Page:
A few weeks ago, the Fed met and announced their policy decision with no change and no big surprise. No shocker there.
But after parsing the statement for changes from their previous statement, there were a couple items of interest.
Until this last meeting they had said that: “Global economic and financial developments continue to pose risks.” This time they removed that language entirely.
I guess they’re trying to be more “data-dependent,” instead of paying attention to what’s happening overseas…
They also mentioned that while economic activity has slowed, labor market conditions are still improving. One voting member even voted for a hike.
So just looking at the changes, you might think this means the Fed’s optimistic about hiking soon.
Maybe… but the market isn’t buying it, and bond yields reacted similarly. Besides that, I can think of at least a few reasons for not hiking…
There’s poor economic data for one (duh). But if you look down the calendar, there just isn’t really a great opportunity for them to do it, either.
A June hike would come too close to Britain’s vote on exiting the EU. Then, a September hike is just ahead of the presidential election.
Maybe they’ll aim for December, but there’s a full six months for them to turnrn tail and run on that too.
But let’s forget the Fed for a moment…
The real big surprise came a couple weeks ago when the Bank of Japan (BoJ) announced no change in policy, after most were expecting more stimulus.
World equity markets didn’t like that too much. They sold off sharply, and Japan’s stock index was down an eye-popping 3.61% in a day and has continued to fall!
It shouldn’t surprise anyone that Japan is finally running out of tools to stimulate. They’ve thrown everything they could at deflation and a stagnant economy for the past couple decades. Too bad none of it’s worked. Negative interest rates aren’t doing the trick either. Maybe they’re finally starting to realize this.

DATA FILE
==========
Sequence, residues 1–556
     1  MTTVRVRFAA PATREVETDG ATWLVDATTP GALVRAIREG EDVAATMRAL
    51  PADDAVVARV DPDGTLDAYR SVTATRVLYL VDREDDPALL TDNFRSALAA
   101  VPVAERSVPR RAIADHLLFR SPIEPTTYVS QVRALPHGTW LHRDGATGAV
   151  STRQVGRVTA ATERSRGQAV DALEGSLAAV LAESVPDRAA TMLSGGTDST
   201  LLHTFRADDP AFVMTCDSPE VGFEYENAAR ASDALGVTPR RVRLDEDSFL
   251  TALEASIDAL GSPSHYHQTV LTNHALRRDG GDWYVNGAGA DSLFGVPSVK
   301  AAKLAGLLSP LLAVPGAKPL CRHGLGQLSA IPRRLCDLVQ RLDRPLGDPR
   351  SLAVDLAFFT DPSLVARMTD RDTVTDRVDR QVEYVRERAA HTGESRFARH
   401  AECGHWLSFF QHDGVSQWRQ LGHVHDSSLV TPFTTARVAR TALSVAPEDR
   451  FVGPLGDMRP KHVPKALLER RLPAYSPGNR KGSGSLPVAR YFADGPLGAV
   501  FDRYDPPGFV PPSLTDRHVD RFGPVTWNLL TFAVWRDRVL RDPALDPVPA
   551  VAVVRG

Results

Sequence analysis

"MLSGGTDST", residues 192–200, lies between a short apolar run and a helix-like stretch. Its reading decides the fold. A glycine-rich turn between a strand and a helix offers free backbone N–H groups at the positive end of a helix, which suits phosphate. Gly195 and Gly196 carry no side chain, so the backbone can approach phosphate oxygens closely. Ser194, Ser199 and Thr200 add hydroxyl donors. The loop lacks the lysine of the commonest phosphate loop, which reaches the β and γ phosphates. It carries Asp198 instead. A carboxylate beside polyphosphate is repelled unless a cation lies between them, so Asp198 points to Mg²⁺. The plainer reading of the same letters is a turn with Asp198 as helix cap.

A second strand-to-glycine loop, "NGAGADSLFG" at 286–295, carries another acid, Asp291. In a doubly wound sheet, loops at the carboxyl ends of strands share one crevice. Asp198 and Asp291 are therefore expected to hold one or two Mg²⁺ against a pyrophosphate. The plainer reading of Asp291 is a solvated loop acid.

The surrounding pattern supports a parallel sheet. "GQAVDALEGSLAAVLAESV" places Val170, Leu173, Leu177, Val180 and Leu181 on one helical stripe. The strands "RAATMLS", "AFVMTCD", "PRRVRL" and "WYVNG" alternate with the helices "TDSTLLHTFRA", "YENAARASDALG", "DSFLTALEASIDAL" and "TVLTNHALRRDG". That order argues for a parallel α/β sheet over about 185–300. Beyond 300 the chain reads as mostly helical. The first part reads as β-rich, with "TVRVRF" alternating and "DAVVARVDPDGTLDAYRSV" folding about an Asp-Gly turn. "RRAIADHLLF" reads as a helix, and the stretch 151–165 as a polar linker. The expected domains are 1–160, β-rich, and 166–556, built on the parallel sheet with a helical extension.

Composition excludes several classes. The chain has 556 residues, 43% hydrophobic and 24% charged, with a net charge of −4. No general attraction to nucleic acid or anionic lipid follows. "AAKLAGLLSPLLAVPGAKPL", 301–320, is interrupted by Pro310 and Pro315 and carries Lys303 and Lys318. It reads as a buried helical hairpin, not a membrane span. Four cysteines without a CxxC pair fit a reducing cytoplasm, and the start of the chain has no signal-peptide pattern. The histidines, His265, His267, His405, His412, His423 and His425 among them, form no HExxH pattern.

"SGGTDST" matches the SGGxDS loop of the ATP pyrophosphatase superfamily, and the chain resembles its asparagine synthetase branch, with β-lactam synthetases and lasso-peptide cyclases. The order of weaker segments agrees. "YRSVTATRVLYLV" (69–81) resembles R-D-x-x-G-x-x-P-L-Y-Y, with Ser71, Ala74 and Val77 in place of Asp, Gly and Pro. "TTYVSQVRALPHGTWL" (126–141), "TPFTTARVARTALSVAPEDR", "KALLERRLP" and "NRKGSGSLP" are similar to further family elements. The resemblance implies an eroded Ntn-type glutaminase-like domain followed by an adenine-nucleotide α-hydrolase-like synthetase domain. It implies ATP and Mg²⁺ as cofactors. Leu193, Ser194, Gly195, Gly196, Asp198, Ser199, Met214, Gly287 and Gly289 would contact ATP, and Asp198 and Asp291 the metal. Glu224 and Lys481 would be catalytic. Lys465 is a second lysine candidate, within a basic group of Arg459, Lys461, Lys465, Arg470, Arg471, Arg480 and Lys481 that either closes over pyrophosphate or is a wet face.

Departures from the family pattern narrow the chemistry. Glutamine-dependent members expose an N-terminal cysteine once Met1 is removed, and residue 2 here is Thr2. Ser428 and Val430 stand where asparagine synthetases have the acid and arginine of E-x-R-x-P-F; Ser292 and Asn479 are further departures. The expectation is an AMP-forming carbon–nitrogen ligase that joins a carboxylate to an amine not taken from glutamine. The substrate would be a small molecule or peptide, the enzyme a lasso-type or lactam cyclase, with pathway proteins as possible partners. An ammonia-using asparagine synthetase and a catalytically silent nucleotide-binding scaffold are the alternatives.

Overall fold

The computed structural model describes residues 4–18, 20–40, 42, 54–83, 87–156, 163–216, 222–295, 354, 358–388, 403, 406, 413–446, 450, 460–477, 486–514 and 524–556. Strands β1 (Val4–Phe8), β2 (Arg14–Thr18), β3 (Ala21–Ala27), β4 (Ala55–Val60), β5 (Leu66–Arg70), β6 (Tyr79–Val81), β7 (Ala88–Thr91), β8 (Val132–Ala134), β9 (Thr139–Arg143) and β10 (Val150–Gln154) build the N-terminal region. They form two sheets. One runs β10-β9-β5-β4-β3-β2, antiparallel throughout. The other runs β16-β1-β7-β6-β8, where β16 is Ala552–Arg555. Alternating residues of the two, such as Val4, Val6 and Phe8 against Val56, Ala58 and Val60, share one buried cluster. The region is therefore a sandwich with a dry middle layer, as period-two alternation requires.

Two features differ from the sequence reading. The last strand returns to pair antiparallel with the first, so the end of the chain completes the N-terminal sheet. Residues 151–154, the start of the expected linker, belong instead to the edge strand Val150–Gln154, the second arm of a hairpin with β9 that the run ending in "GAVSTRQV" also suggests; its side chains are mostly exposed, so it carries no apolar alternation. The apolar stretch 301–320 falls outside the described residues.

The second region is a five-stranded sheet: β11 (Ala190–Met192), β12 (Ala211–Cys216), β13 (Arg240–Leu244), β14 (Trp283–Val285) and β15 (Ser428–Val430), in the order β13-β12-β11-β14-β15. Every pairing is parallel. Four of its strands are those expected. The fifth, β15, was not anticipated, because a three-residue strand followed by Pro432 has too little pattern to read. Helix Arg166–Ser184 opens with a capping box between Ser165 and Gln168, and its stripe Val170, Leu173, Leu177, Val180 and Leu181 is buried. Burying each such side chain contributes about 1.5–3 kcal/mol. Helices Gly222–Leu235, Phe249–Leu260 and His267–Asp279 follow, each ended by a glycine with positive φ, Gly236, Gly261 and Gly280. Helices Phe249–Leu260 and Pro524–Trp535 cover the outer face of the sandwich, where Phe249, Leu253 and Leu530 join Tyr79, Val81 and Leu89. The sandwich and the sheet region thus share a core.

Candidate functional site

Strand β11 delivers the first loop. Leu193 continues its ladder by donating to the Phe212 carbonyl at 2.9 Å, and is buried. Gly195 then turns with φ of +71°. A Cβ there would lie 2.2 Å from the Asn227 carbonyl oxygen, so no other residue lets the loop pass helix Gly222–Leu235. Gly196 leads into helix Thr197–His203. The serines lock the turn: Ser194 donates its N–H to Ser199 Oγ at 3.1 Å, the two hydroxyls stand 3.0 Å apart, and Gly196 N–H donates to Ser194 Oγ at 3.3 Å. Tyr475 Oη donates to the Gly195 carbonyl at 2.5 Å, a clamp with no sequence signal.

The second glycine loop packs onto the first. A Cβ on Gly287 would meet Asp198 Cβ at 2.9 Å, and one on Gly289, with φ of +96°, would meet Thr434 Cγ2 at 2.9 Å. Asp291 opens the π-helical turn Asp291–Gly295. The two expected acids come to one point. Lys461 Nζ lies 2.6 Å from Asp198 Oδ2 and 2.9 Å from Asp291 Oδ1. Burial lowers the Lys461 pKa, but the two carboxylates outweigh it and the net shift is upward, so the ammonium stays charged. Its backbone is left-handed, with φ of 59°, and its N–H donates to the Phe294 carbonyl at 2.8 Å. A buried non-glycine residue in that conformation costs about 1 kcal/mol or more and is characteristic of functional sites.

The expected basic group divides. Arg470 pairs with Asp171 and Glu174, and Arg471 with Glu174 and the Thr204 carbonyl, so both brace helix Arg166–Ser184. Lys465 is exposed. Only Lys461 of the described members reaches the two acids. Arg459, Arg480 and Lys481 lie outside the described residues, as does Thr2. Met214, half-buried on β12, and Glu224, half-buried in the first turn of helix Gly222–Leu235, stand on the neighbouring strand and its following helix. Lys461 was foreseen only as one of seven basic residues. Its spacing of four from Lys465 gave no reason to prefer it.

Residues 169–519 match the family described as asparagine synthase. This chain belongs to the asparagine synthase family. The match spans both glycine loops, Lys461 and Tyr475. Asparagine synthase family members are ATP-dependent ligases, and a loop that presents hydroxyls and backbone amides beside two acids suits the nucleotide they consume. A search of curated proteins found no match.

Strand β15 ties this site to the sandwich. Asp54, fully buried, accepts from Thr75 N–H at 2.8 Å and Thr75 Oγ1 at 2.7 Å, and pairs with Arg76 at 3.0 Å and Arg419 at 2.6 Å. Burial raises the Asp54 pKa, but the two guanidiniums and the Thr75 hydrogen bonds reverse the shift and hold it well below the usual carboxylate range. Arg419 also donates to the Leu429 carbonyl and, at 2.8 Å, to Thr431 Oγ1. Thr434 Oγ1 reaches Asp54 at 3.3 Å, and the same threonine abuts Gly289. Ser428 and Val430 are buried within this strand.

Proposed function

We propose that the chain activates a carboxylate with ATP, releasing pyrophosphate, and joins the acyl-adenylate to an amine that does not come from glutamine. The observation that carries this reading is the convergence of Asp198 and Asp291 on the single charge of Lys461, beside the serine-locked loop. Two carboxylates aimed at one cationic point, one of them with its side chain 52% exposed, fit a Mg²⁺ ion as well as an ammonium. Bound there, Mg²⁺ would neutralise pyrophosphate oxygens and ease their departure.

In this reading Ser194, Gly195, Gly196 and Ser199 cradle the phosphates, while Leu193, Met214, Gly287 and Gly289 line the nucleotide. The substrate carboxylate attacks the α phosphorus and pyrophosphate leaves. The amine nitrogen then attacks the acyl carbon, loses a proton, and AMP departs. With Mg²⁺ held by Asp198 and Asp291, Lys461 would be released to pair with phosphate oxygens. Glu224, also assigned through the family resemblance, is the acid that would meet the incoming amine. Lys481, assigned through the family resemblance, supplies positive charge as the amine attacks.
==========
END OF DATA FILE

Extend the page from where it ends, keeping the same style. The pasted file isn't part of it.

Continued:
The European Central Bank (ECB) is also running out of options. In March they expanded their monthly bond purchases, or quantitative easing, by 20 billion euros and lowered their interest rates. There was speculation that the ECB might have done even more considering their economy is barely growing and the euro is stubbornrnly strong.
But what else can they do? The deposit rate in Europe is already negative. Maybe the main refinancing rate is next on the chopping block? Whatever happens, no one expects any sort of move until maybe September.
Even if central banks increase their stimulus efforts, what’s the endgame here? Will they suddenly spark the fires of inflation after years of failing to achieve this? Give me a break. All these massive amounts of bond buying, interest rate cutting and other central bank shenanigans haven’t done squat! About all central banks have done is create extreme volatility with their frequent interventions.
I can only imagine the chaos and damage that will come from all this. Kicking the can down the road, piling up more debt and devaluing currencies can only get you so far.
Dr. Lacy Hunt held a workshop on the characteristics of extremely over-indebted economies at our last Irrational Economic Summit. He offers a sobering view on how debt puts a constraint on economic activity. It’s even worse given that the debt is largely unproductive – because you’re essentially borrowing from the future, making it harder to pay later.
Dr. Hunt is sort of the outsider looking in, but Dr. Nayantara Hensel has actually had the opportunity to sit down with former Federal Reserve chair Ben Bernrnanke. She’s the former Chief Economist for the Navy and will also be speaking at our conference this October. She’s more of an “insider” and will have some unique insight into future Fed policy.
There aren’t too many economists we like at Dent Research, and we aim to bring the few we do like out to this conference. That said, you don’t want to miss what they have to say.
Editor, Treasury Profits Accelerator